“It was very challenging. Because measles and many other serious illnesses that we immunize against have historically been gone, most buildings don’t have side entrances anymore for children with communicable illnesses,” she says. “So we had to train people in our call centers to ask the right questions to try to identify patients at risk for the illness before they came in. Then we were trying to meet possible measles cases outside the building so we could mask them and whisk them into an exam room that was the most isolated.”
The Washington state doctor says medical management became even more complicated when patients with possible cases of measles ignored requests to meet them outside, and when patients came into the lobby before they were identified as a measles risk. Measles is so contagious, it can live in the air for 2 hours after an infected person coughs or sneezes, and an infected person can spread it 4 days before and after a rash even appears.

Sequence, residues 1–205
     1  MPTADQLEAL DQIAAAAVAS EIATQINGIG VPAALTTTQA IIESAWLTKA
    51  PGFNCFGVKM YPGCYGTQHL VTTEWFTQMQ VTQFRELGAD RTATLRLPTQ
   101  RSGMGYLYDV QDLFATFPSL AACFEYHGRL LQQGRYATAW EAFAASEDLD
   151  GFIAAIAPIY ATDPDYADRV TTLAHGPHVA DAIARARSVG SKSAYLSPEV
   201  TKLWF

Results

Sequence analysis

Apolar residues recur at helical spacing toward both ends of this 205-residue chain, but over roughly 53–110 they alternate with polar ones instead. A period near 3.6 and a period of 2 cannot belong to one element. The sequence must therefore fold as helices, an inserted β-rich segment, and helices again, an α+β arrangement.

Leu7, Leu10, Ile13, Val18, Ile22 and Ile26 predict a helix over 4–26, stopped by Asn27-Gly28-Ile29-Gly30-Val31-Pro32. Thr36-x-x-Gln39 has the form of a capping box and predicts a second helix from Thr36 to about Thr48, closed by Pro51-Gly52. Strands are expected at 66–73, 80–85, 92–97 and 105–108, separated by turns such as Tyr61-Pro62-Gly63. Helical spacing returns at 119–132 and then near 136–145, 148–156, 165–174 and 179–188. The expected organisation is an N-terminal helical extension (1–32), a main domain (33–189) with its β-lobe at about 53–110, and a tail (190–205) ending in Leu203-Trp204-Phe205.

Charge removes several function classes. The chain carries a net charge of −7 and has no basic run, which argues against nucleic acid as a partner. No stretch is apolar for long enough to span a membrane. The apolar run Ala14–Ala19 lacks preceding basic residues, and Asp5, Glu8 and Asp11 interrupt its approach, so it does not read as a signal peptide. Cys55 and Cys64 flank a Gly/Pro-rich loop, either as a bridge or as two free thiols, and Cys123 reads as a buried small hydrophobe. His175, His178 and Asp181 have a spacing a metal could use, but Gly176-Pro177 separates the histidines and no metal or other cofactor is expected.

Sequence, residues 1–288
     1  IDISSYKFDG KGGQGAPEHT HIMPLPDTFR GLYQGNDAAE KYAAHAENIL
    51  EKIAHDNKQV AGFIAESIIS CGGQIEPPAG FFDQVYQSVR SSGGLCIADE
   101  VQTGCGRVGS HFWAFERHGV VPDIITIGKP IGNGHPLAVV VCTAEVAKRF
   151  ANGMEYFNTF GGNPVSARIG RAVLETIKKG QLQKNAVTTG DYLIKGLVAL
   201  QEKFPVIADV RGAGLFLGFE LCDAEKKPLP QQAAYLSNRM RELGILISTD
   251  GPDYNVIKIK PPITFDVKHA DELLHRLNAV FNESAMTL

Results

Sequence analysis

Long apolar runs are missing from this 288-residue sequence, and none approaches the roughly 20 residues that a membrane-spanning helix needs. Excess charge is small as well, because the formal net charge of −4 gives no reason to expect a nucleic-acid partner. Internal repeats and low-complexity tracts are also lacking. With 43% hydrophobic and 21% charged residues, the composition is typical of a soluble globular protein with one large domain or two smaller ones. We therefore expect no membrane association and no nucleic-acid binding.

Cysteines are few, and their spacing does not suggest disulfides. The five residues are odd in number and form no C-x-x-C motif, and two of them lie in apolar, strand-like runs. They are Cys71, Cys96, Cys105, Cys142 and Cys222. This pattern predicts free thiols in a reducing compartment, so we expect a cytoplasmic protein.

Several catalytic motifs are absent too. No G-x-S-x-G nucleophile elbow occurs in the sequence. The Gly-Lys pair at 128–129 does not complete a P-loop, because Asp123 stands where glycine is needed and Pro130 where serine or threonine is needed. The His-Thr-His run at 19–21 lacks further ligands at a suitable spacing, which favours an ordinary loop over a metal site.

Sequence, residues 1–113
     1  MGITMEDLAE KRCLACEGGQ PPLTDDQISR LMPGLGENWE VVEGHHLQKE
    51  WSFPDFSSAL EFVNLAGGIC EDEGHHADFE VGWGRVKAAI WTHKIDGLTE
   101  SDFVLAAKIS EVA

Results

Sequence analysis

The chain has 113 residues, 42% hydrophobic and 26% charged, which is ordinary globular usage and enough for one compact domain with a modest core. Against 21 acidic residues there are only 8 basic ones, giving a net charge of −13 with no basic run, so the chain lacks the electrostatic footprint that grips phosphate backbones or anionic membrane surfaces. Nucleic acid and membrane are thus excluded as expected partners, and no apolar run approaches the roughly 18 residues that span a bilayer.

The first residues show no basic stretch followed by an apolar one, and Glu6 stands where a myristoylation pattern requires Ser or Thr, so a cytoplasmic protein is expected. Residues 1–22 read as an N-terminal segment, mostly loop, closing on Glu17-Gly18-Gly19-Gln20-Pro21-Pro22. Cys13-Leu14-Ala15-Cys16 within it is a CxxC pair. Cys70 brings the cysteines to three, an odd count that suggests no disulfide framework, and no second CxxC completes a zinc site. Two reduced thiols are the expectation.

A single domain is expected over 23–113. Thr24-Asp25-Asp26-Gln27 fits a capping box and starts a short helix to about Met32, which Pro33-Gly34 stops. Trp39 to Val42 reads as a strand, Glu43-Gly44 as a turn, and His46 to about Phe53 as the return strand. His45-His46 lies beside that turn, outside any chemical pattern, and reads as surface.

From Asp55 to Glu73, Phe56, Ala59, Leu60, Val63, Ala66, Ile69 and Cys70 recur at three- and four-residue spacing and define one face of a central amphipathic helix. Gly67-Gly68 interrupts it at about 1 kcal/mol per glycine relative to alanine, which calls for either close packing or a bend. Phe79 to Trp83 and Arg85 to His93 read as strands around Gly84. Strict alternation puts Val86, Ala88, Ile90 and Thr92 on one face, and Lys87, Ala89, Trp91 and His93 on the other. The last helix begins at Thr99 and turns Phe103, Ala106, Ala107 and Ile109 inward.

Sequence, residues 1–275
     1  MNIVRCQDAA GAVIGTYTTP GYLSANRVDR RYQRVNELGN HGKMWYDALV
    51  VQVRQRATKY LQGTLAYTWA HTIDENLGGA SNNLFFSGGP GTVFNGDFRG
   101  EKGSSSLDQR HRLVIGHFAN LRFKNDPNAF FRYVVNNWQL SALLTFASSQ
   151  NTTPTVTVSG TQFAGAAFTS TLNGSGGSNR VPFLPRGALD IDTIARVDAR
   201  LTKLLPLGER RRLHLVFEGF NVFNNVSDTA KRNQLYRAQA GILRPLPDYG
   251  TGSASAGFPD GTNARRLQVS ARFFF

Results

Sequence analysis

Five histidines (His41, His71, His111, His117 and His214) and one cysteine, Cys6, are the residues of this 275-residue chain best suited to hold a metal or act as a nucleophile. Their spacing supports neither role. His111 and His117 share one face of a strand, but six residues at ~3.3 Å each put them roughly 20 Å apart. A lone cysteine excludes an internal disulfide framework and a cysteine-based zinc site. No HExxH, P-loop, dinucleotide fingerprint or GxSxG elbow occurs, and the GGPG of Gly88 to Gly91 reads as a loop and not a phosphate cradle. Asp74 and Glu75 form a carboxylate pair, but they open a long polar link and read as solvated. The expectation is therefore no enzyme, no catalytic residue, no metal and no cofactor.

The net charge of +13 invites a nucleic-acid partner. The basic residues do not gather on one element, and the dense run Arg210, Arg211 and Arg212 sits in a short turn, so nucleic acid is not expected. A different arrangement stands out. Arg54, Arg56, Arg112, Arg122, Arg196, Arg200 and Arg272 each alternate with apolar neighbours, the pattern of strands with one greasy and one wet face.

“We would have to close the waiting room and contact everyone who had been in there over several hours because it’s so contagious,” Sparling says. “That involved hours of phone calls. And if people who had been in the lobby weren’t fully immunized, then we wanted them to stay in isolation for a period of time.”
Since the outbreaks in her community ended, Sparling says her practice has focused more on vaccination education -- even working with obstetricians in their area so parents hear the message from more than one source.